No power in Bombay Hospital for 24 hours | mumbai | Hindustan Times
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No power in Bombay Hospital for 24 hours

mumbai Updated: Jun 02, 2010 01:34 IST
Siddhanth Chhabria
Siddhanth Chhabria
Hindustan Times
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Sixty-two-year-old Rukmini Somakumar made the tiring journey from her house in Kalyan to Bombay Hospital at Marine Lines on Tuesday for an X-ray, but was turned away because the city’s largest private hospital did not have electricity.

The hospital lost its power supply on Monday afternoon when a fire broke out in its electric substation due to short circuit. Supply in two of the three wings was restored after 1 pm on Tuesday while restoration work was being carried out in the new wing until late evening on Tuesday.

Power in third wing had not been restored until 9 pm on Tuesday.

The 830-bed hospital has three wings, the old wing, the medical research centre and the new wing. Generators supported critical wards such as the Intensive Care Unit and the trauma center.

Sources said planned surgeries, investigations and tests were postponed and only emergency patients were admitted. “I was called for an X-ray on Tuesday. I travelled for more than two hours and on reaching the hospital, the administration asked me to come some other day,” Somakumar said. She added that the hospital authorities claimed to have called her, but said she did not receive any such phone call.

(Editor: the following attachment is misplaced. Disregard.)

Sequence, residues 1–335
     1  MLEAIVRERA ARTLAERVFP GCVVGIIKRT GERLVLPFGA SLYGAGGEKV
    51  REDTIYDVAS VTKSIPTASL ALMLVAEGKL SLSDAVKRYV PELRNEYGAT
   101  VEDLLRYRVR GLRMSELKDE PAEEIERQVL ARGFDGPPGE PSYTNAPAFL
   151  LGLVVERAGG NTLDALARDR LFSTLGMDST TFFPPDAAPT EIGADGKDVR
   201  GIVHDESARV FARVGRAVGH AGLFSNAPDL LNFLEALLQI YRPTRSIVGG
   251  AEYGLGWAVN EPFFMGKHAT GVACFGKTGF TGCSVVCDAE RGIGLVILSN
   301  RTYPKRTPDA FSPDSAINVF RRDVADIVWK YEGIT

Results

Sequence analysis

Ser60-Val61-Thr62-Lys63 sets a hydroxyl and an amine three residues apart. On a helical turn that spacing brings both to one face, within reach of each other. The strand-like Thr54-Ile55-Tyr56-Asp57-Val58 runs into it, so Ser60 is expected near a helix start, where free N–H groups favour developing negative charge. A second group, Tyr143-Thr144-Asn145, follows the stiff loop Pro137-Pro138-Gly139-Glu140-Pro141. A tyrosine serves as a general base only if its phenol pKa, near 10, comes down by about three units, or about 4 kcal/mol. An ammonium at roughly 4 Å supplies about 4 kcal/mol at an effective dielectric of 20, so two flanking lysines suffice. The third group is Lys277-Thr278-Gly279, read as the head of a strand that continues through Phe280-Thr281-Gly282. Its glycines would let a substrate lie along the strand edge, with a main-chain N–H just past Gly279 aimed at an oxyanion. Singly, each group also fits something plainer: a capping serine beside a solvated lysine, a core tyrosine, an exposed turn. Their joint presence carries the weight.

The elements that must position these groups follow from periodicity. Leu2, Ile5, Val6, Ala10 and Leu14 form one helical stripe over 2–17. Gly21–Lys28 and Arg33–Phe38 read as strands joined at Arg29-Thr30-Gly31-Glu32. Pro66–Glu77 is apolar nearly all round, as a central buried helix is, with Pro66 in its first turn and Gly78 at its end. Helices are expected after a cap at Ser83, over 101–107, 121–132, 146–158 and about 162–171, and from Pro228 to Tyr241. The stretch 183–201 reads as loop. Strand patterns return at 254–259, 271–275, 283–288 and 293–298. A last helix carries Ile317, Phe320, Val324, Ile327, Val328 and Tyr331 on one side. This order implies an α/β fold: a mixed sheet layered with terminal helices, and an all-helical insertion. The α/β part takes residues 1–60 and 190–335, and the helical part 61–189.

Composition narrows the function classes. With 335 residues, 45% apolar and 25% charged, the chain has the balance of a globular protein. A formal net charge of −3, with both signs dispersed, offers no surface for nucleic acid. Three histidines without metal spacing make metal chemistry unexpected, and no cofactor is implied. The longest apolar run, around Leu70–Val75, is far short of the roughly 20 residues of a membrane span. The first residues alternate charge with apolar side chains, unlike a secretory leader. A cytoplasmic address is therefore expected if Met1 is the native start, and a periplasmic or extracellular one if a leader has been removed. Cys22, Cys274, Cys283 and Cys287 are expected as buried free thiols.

Thirty-five-year-old Sanjay Kumar, a resident of Mulund, was asked to come to the hospital on Tuesday for some tests, but was turned away and has been given an appointment for two weeks later.

More than 130 new patients are admitted to the hospital every day on an average but on Tuesday less than 50 patients were admitted.

Senior officials from the hospital, however, made contradictory statements over the admission of new patients in the last 24 hours. “No patient has been turned down in the last 24 hours,” said Ramesh Bhattad, head of the hospital’s human resources department. Medical Director Dr D.P. Vyas, on the other hand, admitted that new admissions, barring emergencies, had been stopped.

Families of patients in the ICU claimed the air conditioning in the old wing was not working.

“The air-conditioning of the ICU in the old wing is shut and the hospital won’t allow us to shift the patient elsewhere for the next 48 hours,” said Hiramal Salvi, whose 24-year-old cousin, Swapnil Kasare, has been in the ICU for four days.

Despite the inconvenience and discontent, families could not shift patients who were critical because that could have been risky.